Monday, October 17, 2011

Michael Jackson in Macau

True story: On June 25, 2009 I was in Los Angeles, on my way to take the boys to a hip-hop dance class across town. I was flipping radio stations at a red light when a DJ interrupted a song to say there was an unconfirmed rumour that Michael Jackson had passed away. My heart stopped and my stomach lurched. But not because I was a major Michael Jackson fan. The reaction came from the bottom of my wallet rather than the bottom of my heart. At that very moment my husband's scenic shop was loading in set pieces at the Staples Center in Los Angeles where Michael Jackson would be in rehearsals for his concert series which would take place in London. All we'd been talking about for months was the shop's creation of the elaborate and amazing pieces that would play a backdrop to his performance. And if he was indeed dead, then what would that mean for the scene shop? What would that mean for all the people working on this project? Would everyone get paid? All other projects had been pushed aside for this one huge client, and work was not yet complete. As soon as we got to the dance studio, I called my husband to tell him what I'd heard. He called over to his employees at the Staples Center to see if anyone knew anything. The people from Michael Jackson's crew who were there knew nothing of the rumour which was spreading on all the radio stations, the Twitterverse, and beyond. Can you imagine?

Sadly, the rumor was true. Shortly after his death a film containing rehearsal footage of the show as well as the animated renderings of the fabulous set pieces was released. My husband and I went to see it. It is very difficult to separate Michael Jackson the wacky public persona in the news from Michael Jackson the incredibly sharp artist who had amazing talent and brilliant ideas. In the last few decades, the wacky part overshadowed the artist. The film, This Is It, really showcases the artist. I left the theater sad for his children and sad for the world which lost him, lost as he was himself.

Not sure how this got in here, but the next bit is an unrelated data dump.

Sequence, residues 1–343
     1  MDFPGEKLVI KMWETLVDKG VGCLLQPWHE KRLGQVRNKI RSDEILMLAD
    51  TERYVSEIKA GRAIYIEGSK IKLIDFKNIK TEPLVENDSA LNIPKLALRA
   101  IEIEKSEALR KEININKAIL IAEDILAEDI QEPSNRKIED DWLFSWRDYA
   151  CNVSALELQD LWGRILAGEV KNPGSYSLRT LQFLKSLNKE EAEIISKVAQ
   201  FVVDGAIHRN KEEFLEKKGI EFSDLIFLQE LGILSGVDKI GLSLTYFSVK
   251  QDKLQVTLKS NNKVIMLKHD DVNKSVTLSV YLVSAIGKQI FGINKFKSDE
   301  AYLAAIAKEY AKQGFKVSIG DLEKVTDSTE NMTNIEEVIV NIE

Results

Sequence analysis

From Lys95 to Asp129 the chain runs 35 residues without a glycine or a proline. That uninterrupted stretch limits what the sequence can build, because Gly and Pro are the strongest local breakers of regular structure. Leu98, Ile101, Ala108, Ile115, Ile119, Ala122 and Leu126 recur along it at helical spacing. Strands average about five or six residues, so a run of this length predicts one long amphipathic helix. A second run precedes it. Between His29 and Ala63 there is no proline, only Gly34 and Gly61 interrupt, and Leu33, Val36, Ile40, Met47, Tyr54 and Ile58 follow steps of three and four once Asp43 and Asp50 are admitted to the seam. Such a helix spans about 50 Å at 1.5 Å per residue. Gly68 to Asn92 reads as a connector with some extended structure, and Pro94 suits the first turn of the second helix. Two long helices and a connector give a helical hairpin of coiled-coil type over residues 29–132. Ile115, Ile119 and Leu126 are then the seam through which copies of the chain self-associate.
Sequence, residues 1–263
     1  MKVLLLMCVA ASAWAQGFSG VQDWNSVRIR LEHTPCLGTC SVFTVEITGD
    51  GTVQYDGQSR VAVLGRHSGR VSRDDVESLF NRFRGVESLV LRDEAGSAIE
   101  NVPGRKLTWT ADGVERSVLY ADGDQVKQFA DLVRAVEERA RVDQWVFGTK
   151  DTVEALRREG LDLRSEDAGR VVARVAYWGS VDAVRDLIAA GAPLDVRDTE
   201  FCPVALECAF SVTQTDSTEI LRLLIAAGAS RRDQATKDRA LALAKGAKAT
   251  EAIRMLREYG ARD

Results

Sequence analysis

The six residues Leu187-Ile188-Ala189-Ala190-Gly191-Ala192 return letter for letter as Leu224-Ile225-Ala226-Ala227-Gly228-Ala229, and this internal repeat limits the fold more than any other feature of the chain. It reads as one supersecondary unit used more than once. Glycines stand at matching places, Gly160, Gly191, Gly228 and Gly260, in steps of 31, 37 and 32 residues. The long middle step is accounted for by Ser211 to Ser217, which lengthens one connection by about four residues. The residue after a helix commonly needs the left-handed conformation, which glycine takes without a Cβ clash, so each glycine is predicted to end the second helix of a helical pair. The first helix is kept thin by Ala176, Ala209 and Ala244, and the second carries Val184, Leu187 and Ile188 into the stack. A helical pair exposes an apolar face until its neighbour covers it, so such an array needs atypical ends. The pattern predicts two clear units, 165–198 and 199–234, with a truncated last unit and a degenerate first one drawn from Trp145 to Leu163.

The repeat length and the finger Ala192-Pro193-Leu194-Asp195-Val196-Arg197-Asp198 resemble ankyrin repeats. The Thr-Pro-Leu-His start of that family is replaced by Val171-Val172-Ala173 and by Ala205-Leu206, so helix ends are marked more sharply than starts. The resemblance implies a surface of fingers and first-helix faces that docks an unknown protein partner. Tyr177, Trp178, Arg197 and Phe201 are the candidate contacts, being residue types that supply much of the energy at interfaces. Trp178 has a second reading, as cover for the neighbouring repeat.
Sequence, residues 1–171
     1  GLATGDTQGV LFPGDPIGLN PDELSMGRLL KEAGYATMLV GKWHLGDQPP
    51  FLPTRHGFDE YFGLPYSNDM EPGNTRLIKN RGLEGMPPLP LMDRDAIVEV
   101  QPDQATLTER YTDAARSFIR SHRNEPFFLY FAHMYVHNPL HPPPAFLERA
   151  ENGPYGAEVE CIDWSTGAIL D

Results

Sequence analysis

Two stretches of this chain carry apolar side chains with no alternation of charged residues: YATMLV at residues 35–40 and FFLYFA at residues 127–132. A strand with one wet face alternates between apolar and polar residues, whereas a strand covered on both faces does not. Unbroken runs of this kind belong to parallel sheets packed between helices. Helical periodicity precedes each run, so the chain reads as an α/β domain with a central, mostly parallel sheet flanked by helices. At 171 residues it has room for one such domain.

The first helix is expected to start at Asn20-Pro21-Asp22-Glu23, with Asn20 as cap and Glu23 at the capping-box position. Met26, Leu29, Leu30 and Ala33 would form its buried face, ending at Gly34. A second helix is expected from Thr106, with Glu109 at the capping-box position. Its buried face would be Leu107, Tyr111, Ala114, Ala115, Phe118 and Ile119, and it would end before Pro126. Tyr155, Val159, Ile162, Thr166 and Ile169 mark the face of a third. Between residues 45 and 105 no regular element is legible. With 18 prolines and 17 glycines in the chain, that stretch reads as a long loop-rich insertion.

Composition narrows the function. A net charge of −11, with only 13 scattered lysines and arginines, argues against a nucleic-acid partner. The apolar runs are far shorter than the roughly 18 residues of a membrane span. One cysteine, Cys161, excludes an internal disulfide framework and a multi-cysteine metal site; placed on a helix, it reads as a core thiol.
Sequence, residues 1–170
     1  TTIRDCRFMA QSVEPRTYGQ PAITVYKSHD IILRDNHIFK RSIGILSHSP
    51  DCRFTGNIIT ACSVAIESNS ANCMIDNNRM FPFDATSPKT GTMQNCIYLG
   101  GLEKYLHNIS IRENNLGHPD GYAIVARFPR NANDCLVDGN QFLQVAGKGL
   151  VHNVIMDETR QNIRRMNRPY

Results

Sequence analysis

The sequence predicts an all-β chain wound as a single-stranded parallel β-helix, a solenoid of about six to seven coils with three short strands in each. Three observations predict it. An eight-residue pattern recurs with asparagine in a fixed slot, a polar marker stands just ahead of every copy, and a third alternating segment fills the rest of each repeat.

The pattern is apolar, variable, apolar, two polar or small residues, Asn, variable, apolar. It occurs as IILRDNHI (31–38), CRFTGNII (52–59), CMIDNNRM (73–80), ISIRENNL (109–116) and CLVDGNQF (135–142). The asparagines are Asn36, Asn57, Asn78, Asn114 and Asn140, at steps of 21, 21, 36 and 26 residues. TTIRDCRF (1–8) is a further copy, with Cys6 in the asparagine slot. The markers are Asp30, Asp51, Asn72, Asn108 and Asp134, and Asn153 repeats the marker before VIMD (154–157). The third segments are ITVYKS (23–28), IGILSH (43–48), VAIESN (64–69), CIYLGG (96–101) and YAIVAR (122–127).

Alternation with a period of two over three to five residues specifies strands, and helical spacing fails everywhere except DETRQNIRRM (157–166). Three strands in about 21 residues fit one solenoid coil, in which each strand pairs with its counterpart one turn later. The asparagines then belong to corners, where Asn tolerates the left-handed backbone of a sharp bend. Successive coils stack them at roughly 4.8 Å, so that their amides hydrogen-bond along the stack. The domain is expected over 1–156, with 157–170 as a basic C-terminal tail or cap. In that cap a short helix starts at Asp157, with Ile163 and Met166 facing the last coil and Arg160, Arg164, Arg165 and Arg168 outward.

In the last few months here in Macau, I kept seeing ads in taxis for an exhibit called the MJ Gallery at Ponte 16. I decided we should go check it out. We'd gone to see the Madonna exhibit, so I figured we were due for another dose of American pop culture.

The exhibit was in a part of Macau I'd only gone through on the bus or in a taxi.  Admission was free. Ponte 16 (Portuguese for Pier 16) is a resort along the water's edge of the Barra, the western part of Macau separated from mainland China by just a river.

You can't really call China a stone's throw away, but it is quite close. I'll post more photos of the Barra section of Macau in my next post, but my initial reaction was that they placed a glamorous resort in the least glamorous part of town. Here's a view of the front of Ponte 16, which includes a Sofitel Hotel, casino, and upscale restaurants:
And here's the view if you turn your back to that giant ball made of crystals that does an amazing LED light show and look directly across the street:

Something doesn't fit. And considering you'll find blocks and blocks of buildings like those across the street, I'm going to say it's the Ponte 16.

You know what else didn't fit? Us. We were wearing shorts, tee shirts, and flip-flop sandals. I knew from looking it up online that the MJ Gallery was on the second floor, so we headed for the main entrance. We were stopped short by a smartly dressed female employee who asked us where we were going, pointing her long finger at a sign explaining the dress code, which included a big image of flip-flops with a circle and line through them. As she was talking to us, a male security guard took a step or two in our direction. We said we were here for the Michael Jackson exhibit. She pointed behind us and said we would have to go in another entrance. So we turned around and headed for what we'd missed before, an escalator with MJ Gallery emblazoned on the side. One problem however: